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Ballad metre

Roberto 24 Aug 11 - 03:10 AM
Roberto 24 Aug 11 - 05:14 PM
michaelr 24 Aug 11 - 08:40 PM
Bill D 24 Aug 11 - 10:06 PM
Dave MacKenzie 25 Aug 11 - 04:35 AM
GUEST,doc.tom 25 Aug 11 - 05:14 AM
Roberto 25 Aug 11 - 05:36 AM
MartinRyan 25 Aug 11 - 05:54 AM
MGM·Lion 25 Aug 11 - 06:25 AM
Roberto 25 Aug 11 - 06:37 AM
McGrath of Harlow 25 Aug 11 - 10:01 AM
Wilfried Schaum 25 Aug 11 - 12:00 PM
Roberto 25 Aug 11 - 01:14 PM
Nigel Parsons 26 Aug 11 - 04:21 AM
Roberto 26 Aug 11 - 04:32 AM
McGrath of Harlow 26 Aug 11 - 02:38 PM
GUEST,Paul Slade 27 Aug 11 - 01:19 PM
MGM·Lion 27 Aug 11 - 01:27 PM
EBarnacle 27 Aug 11 - 11:19 PM
MGM·Lion 27 Aug 11 - 11:44 PM
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Subject: Ballad metre
From: Roberto
Date: 24 Aug 11 - 03:10 AM

Vic Gammon writes in his introduction to The Folk Handbook - Working with songs from the English Tradition, that the ballad metre can be described as 8.6.8.6 (the number of usual syllables per line). He also describes the pattern 14.14.14.14. It seems to me that 8.7.8.7 is much widespread as well: would it be correct to tal about 8.6.8.6/8.7.8.7 as the two most used balladd metres (beside the 14.14.14.14 solution)? Thanks. R


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Subject: RE: Ballad metre
From: Roberto
Date: 24 Aug 11 - 05:14 PM

No-one to help me with the so-called ballad metre? Last refresh.


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Subject: RE: Ballad metre
From: michaelr
Date: 24 Aug 11 - 08:40 PM

Ballads should be measured by the yard, not the meter.


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Subject: RE: Ballad metre
From: Bill D
Date: 24 Aug 11 - 10:06 PM

Ummm... most people would not have that information at hand. The only way to generalize is to take, perhaps, Child, and do some tedious counting. I would suspect the ballad meter is similar to much classic poetry of other types.


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Subject: RE: Ballad metre
From: Dave MacKenzie
Date: 25 Aug 11 - 04:35 AM

I suspect that a good indication of the frequency is the fact that 8.6.8.6 is usually known as Common Metre, with 8.8.8.8 as Long Metre and 6.6.6.6 as Short Metre.


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Subject: RE: Ballad metre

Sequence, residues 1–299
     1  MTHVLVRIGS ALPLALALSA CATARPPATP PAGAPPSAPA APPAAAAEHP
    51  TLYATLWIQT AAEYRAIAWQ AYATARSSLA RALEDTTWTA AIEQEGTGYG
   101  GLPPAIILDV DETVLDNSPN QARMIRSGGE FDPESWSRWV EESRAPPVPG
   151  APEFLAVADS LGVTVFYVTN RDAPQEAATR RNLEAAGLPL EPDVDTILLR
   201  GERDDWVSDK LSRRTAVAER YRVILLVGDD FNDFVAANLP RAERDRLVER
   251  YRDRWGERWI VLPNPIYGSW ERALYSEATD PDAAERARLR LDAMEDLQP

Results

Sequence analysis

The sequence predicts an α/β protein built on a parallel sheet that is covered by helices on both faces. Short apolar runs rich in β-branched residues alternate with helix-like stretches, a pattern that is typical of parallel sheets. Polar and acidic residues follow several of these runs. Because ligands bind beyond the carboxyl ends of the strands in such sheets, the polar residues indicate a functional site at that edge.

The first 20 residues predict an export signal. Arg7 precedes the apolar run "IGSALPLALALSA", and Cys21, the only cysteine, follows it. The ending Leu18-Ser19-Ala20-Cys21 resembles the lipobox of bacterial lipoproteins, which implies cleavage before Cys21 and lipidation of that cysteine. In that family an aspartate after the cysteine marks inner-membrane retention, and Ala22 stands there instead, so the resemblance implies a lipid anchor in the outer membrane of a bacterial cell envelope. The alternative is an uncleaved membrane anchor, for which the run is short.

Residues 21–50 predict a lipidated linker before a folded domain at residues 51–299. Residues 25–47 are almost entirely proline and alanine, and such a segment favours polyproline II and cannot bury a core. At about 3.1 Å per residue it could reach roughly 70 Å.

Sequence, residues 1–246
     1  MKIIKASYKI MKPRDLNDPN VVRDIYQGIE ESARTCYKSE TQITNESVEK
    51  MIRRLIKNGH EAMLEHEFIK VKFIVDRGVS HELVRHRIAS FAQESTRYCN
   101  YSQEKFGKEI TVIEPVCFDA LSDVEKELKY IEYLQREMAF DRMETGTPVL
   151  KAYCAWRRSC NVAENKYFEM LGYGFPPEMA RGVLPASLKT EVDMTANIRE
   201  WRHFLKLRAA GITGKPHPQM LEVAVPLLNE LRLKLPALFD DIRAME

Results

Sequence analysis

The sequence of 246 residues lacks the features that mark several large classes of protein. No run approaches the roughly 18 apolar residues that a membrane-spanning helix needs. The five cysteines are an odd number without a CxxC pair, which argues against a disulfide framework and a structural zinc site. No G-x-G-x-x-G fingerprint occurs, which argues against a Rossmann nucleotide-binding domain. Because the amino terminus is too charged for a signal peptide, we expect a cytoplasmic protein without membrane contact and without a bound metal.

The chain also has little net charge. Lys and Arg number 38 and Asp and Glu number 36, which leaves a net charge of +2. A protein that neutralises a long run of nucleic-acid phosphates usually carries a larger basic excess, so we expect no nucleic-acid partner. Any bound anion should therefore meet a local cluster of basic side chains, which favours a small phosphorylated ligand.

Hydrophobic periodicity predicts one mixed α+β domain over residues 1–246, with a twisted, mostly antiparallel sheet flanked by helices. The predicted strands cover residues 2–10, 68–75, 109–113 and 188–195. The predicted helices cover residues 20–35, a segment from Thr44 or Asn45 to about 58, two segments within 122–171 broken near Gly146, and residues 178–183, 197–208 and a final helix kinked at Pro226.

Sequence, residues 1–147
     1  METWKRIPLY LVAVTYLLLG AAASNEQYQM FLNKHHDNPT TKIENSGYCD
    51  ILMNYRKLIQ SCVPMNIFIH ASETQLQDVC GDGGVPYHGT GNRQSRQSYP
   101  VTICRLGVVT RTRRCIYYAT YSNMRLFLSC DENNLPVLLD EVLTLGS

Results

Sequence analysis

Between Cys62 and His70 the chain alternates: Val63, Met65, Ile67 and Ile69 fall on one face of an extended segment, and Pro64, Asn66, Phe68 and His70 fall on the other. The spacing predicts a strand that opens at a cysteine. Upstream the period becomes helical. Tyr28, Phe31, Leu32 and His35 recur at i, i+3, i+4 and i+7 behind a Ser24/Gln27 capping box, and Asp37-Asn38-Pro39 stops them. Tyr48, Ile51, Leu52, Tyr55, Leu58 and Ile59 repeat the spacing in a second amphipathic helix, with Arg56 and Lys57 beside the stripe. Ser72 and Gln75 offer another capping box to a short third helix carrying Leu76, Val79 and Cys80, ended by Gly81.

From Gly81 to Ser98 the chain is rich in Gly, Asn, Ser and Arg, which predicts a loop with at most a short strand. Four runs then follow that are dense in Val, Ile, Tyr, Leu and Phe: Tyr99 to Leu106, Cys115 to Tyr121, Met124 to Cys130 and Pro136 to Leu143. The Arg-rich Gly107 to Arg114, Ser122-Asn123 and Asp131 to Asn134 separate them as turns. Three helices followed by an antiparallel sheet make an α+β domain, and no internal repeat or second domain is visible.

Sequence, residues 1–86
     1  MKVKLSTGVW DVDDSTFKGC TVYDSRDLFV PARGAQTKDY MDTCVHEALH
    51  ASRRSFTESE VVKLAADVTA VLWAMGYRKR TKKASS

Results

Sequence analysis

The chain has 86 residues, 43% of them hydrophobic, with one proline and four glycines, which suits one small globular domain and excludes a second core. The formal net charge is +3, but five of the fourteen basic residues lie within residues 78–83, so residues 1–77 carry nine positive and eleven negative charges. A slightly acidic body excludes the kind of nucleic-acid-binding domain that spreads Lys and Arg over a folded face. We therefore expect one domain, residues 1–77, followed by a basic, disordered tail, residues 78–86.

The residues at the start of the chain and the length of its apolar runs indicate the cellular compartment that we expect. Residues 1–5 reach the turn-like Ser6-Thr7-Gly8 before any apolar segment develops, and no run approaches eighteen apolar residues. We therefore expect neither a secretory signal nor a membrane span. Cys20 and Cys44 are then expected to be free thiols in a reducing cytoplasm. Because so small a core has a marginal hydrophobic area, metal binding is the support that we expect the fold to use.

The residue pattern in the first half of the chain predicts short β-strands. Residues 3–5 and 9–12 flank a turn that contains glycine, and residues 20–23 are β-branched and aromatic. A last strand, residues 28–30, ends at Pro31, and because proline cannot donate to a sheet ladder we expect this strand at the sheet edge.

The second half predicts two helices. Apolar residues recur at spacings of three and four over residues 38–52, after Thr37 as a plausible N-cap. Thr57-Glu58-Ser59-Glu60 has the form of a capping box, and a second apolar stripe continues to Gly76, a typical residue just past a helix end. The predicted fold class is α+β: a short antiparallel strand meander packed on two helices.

From: GUEST,doc.tom
Date: 25 Aug 11 - 05:14 AM

Define ballad - those metre patterns are, obvously, common, but for a certain ballad form only - surely! Why do you need to know? (I use this form of analysis when searching for tunes to texts that have none, but that is all).


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Subject: RE: Ballad metre
From: Roberto
Date: 25 Aug 11 - 05:36 AM

Why do I need to know? Because I'd like to have a satisfactory definition of what ballads are, under both aspects, text and tune.


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Subject: RE: Ballad metre
From: MartinRyan
Date: 25 Aug 11 - 05:54 AM

Ballads should be measured by the yard, not the meter.

Nice one!

In this case, of course, given Roberto's quest for "a satisfactory definition", it's the length of a piece of string that matters, really...

Regards


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Subject: RE: Ballad metre
From: MGM·Lion
Date: 25 Aug 11 - 06:25 AM

Re your last post, Roberto: stylistic characteristics, such as metre, might occasionally indicate a possible identification {"this might be a ballad because it goes 4 3 4 3 which quite a lot of ballads do, though by no means all"}; but can hardly be in any way *definitive* when shared with so many other forms ~~ many songs and verses which are not recognisably ballads by any *definition* will also have this metre.

It's a matter of converses being unreliable ~~~~

   ···All dogs are mammals ~
      but by no means all mammals are dogs···

So too many poems/songs with a 4 3 4 3 metre are ballads; but the converse is not the case; by no means all 4 3 4 3 verses are ballads.

So I fear your quest for a ===definition=== of balladry based on metre might turn out to be somewhat chimerical.

~Michael~


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Subject: RE: Ballad metre
From: Roberto
Date: 25 Aug 11 - 06:37 AM

MtheGM: "your quest for a ===definition=== of balladry based on metre". No quest for a definition based only on metre, but a quest to put together the basic notions about ballads: their the text (with its accents and metre) and the tune (the scales, the family of tunes etc). Not a mathematic definition, an open definition.


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Subject: RE: Ballad metre
From: McGrath of Harlow
Date: 25 Aug 11 - 10:01 AM

Verse in English (and Scots) is based on stresses rather than syllables. Just count up syllables and it all goes wrong.


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Subject: RE: Ballad metre
From: Wilfried Schaum
Date: 25 Aug 11 - 12:00 PM

short look into one of my german ballad books: mostly 4/4, but also some 3/4 and 6/8, which can also been understood as 2/2 in triplets.

McGofH: same with the german ballads.